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The sooner the Bears lose, the better

As the Bears get set to host the Seattle Seahawks in their divisional playoff this Sunday, Chicagoans are starting to come together like they did when the Blackhawks glided toward hockey’s Stanley Cup last spring.

The excitement brings to mind some words of a 19th century German philosopher: “Religion is the sigh of the oppressed creature, the heart of a heartless world, and the soul of soulless conditions. It is the opium of the people. The abolition of religion as the illusory happiness of the people is the demand for their real happiness.”

If religion is our opium, as Marx put it, then Chicago’s National Football League franchise is our crack cocaine.

More than three years since the economy began to collapse, the Chicago area’s unemployment rate is hovering around 9 percent. Foreclosure filings are rising again. Our wages are anemic. Illinois lawmakers are raising our taxes.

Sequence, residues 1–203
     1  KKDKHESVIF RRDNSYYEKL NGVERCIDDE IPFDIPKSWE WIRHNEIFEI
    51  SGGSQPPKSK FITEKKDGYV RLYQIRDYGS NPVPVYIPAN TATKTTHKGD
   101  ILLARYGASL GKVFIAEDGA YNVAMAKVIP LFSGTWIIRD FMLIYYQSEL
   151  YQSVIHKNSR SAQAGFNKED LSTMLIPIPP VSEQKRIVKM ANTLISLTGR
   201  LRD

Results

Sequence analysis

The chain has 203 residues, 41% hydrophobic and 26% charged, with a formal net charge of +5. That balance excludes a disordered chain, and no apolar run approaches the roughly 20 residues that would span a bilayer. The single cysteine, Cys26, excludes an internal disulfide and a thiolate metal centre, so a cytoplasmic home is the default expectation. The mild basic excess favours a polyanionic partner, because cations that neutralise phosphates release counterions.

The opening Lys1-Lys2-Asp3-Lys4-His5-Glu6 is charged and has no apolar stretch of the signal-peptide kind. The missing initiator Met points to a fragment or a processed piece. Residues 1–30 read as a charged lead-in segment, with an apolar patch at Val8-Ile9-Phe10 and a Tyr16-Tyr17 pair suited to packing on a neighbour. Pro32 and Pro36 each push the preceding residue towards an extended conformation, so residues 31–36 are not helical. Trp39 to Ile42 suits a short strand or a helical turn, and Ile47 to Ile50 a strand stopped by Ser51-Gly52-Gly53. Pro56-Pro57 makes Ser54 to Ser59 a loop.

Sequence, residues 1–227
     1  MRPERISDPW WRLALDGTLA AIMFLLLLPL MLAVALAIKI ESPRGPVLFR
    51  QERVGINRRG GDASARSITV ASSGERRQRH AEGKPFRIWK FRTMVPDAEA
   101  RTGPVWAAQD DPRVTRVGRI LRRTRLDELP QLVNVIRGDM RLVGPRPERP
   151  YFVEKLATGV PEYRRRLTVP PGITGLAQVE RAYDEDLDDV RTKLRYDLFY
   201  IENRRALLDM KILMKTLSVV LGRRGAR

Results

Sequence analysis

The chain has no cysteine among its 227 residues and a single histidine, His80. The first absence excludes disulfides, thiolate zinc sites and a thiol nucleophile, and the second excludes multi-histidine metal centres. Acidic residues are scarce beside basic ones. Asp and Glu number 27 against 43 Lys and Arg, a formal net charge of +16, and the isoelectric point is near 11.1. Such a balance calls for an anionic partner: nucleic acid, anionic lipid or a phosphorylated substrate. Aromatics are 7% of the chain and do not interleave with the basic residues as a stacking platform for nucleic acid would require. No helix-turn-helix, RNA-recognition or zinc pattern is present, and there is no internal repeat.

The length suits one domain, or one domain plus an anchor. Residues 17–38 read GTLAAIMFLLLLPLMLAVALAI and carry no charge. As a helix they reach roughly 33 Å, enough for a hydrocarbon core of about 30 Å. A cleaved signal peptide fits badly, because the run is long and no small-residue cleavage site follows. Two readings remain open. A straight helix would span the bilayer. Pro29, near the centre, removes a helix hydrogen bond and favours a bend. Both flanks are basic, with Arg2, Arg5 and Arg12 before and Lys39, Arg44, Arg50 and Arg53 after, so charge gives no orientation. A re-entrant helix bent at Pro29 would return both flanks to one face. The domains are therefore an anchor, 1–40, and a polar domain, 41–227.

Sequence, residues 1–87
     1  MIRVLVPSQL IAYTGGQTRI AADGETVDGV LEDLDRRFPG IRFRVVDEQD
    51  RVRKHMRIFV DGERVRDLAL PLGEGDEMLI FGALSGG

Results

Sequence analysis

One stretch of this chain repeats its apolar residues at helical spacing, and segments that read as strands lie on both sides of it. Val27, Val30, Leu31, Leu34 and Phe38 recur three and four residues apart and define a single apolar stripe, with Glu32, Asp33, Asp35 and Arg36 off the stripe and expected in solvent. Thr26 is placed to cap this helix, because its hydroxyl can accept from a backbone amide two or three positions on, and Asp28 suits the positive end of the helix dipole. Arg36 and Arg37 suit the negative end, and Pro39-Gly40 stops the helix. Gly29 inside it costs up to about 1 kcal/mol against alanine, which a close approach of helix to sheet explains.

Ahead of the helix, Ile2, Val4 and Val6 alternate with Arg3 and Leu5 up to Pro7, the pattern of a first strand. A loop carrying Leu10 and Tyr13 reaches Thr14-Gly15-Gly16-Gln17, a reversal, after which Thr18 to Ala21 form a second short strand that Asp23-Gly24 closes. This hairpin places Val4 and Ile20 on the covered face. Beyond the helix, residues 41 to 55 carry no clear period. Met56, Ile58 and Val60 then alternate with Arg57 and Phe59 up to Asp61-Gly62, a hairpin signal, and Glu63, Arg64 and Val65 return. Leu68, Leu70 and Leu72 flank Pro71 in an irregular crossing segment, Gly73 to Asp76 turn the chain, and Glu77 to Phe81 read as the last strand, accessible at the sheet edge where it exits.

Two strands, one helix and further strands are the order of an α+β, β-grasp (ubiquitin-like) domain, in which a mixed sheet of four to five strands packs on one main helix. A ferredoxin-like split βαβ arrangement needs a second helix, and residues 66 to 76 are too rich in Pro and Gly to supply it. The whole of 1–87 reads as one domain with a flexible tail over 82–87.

Gee, though, won’t it be great if Julius Peppers knocks Matt Hasselbeck on his ass this Sunday?

We have no connection to these multimillionaire gladiators, yet a few of us are already donning Bears jerseys. It’s the only show of Chicago solidarity we can imagine.

Some of us will even put money on the team, regardless of the odds. We might be a couple months behind on rent. But Devin Hester could go all the way!

On Sunday, finally, we’ll spend hours and hours on a couch, gazing into a liquid crystal display. We’ll cheer now and then, but the experience will be entirely passive.

Then, if the Bears win, the “news” coverage will crowd out most meaningful Chicago journalism for days. The coverage will quickly turn into hype about the next playoff game. And our addiction cycle will continue on.

We could be smoking this rock until at least February 6, the sacred day known as “Super Bowl Sunday.”

Marx may have been wrong about abolishing religion. But the sooner the Bears flame out, the sooner Chicagoans can build some solidarity for things that count.

*This post was edited from its original state to remove a characterization of a mayoral candidate.

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